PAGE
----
MINI REVIEW article
Harnessing Proliferation for the Expansion of Stem Cell-Derived Pancreatic Cells: Advantages and Limitations
- 1McEwen Stem Cell Institute, University Health Network, Toronto, ON, Canada
- 2Department of Physiology, University of Toronto, Toronto, ON, Canada
Restoring the number of glucose-responsive β-cells in patients living with diabetes is critical for achieving normoglycemia since functional β-cells are lost during the progression of both type 1 and 2 diabetes. Stem cell-derived β-cell replacement therapies offer an unprecedented opportunity to replace the lost β-cell mass, yet differentiation efficiencies and the final yield of insulin-expressing β-like cells are low when using established protocols. Driving cellular proliferation at targeted points during stem cell-derived pancreatic progenitor to β-like cell differentiation can serve as unique means to expand the final cell therapeutic product needed to restore insulin levels. Numerous studies have examined the effects of β-cell replication upon functionality, using primary islets in vitro and mouse models in vivo, yet studies that focus on proliferation in stem cell-derived pancreatic models are only just emerging in the field. This mini review will discuss the current literature on cell proliferation in pancreatic cells, with a focus on the proliferative state of stem cell-derived pancreatic progenitors and β-like cells during their differentiation and maturation. The benefits of inducing proliferation to increase the final number of β-like cells will be compared against limitations associated with driving replication, such as the blunted capacity of proliferating β-like cells to maintain optimal β-cell function. Potential strategies that may bypass the challenges induced by the up-regulation of cell cycle-associated factors during β-cell differentiation will be proposed.
Major advances in stem cell differentiation protocols for β-cell commitment have taken place throughout the past decade. Early reports that demonstrated the production of insulin+ cells using in vitro differentiation protocols found that these cells were polyhormonal and did not form monohormonal β-cells in vivo (1–3). Subsequent studies have established that tightly-regulated sequential steps in differentiation that mimic human fetal islet development are required and that NKX6-1 expression is essential to generate pancreatic progenitors (PPs) that form monohormonal cells expressing both C-peptide and NKX6-1, which will be referred to as β-like cells in this review (4–9). Stem cell-derived β-like cells demonstrate similar, yet not identical, characteristics to primary adult β-cells, including limited glucose-responsive insulin release, calcium dynamics, and mitochondria-driven oxidative phosphorylation (5, 8, 10–12). A defining feature of primary β-cells is their consistently low proliferation rate throughout adulthood, and the guided differentiation of human pluripotent stem cells (hPSCs) towards monohormonal β-like cells mimics this loss of replication, limiting the final number of cells available for further in vitro characterization or in vivo transplantation analyses. Promoting cell proliferation in vitro to generate higher yields of β-like cells can serve as a strategy to create a sufficient number of β-like cells for the reversal of hyperglycemia in diabetic patients. The following report will review current literature on the proliferation capacity of β-cells from primary human islets and in hPSCs differentiated to PPs and β-like cells. The balance between replication and maturation in stem cell-derived β-like cells and methods to increase total β-like cell yield for their potential application in therapeutics will be discussed.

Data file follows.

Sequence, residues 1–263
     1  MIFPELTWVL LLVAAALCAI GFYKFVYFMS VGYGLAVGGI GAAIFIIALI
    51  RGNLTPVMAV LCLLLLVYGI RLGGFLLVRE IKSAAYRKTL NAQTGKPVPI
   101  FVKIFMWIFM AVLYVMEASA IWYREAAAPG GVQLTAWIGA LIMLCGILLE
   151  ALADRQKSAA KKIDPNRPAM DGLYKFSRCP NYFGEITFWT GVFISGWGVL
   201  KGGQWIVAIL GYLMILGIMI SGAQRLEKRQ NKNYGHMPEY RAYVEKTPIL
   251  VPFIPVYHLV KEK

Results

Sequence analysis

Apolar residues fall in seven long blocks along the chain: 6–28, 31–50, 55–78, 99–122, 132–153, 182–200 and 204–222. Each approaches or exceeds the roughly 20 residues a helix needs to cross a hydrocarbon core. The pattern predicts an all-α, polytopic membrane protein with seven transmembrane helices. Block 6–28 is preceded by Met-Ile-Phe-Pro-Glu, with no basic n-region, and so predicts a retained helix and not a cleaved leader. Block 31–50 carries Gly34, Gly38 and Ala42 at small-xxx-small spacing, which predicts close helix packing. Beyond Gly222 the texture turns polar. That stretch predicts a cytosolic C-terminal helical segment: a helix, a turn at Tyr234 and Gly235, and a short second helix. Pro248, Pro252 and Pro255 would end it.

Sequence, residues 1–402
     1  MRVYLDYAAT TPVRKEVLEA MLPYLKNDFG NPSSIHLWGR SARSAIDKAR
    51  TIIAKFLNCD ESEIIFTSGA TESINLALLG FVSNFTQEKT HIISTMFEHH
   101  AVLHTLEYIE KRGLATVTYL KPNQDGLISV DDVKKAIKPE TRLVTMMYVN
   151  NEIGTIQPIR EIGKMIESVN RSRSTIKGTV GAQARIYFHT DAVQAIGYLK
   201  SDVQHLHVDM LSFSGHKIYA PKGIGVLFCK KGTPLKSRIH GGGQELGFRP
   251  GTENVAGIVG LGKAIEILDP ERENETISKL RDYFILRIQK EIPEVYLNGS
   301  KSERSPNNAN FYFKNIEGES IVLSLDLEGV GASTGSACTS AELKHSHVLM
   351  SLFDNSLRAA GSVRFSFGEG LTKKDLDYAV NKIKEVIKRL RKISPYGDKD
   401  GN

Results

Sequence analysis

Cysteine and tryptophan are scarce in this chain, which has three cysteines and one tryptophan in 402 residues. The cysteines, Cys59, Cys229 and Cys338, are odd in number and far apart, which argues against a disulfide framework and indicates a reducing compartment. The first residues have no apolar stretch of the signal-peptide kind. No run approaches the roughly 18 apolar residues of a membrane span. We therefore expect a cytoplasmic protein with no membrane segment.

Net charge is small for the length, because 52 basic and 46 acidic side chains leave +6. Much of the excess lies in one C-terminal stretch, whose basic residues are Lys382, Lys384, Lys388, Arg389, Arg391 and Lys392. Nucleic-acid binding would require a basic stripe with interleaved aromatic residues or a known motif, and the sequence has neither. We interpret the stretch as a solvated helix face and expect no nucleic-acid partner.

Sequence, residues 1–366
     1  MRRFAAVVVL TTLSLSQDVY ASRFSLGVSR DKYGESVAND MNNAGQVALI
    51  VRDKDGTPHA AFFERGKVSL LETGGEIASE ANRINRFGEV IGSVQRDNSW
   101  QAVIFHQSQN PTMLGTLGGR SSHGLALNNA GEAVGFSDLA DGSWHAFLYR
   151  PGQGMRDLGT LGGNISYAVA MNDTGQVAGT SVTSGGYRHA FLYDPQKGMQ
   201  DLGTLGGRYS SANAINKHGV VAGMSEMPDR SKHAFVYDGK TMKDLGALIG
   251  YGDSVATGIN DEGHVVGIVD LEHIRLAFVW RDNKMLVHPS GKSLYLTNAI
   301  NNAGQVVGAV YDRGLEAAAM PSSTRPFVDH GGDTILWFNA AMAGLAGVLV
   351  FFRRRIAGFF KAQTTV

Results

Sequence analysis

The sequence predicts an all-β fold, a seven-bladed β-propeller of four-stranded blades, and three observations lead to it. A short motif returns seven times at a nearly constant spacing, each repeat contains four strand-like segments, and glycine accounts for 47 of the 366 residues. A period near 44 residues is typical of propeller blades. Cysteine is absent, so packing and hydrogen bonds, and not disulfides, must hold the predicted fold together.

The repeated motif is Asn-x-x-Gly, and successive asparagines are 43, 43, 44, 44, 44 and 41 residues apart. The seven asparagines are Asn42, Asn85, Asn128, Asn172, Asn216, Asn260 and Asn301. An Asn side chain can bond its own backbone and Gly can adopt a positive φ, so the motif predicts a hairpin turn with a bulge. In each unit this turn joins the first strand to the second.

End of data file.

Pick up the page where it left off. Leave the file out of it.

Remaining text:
Current Evidence of Human β-Cell Proliferation
Replication During Fetal Development
β-cell proliferation rates during human islet development have been observed in multiple reports, but the limited availability of human fetal pancreatic tissue samples prevents the level of examination established with rodent models. What is evident from the current information available is that fetal pancreatic samples have comparatively high rates of replication in insulin-expressing cells when assessed against adult tissue samples. β-cell replication has been reported to be retained at ~3% from 10–23 weeks of gestational age in fetal pancreata, but is typically reduced to less than 1% in children less than 2 years old, although high variation in the percentage of proliferating β-cells has been noted during the first year of infancy (up to 5.28% KI67+ β-cells) (13–18). Early stage (7.5 to 9.5 weeks of gestational age) human fetal pancreata transplanted under the kidney capsule of SCID mice demonstrated increased proliferation in progenitor PDX1 pancreatic cells and in early insulin+ endocrine cells, but not in NGN3+ endocrine-committed cells, which may suggest that the maturation status of endocrine cells is inversely related with cell replication (19). Further assessment of the correlation between proliferating insulin-expressing cells and their expression of maturation markers is required to conclude this.
Replication in Mature β-Cells